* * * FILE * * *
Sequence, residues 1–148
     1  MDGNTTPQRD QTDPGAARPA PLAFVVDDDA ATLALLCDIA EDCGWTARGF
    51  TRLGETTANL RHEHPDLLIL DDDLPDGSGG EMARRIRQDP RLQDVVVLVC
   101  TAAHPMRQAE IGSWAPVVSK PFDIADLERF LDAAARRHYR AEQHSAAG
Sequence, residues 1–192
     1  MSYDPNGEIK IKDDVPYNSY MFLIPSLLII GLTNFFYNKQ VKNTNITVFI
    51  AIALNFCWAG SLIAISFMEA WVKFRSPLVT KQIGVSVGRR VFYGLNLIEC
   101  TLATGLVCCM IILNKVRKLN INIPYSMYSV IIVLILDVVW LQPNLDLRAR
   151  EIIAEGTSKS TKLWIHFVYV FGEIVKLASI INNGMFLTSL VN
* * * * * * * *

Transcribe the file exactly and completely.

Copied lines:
Sequence, residues 1–148
     1  MDGNTTPQRD QTDPGAARPA PLAFVVDDDA ATLALLCDIA EDCGWTARGF
    51  TRLGETTANL RHEHPDLLIL DDDLPDGSGG EMARRIRQDP RLQDVVVLVC
   101  TAAHPMRQAE IGSWAPVVSK PFDIADLERF LDAAARRHYR AEQHSAAG
Sequence, residues 1–192
     1  MSYDPNGEIK IKDDVPYNSY MFLIPSLLII GLTNFFYNKQ VKNTNITVFI
    51  AIALNFCWAG SLIAISFMEA WVKFRSPLVT KQIGVSVGRR VFYGLNLIEC
   101  TLATGLVCCM IILNKVRKLN INIPYSMYSV IIVLILDVVW LQPNLDLRAR
   151  EIIAEGTSKS TKLWIHFVYV FGEIVKLASI INNGMFLTSL VN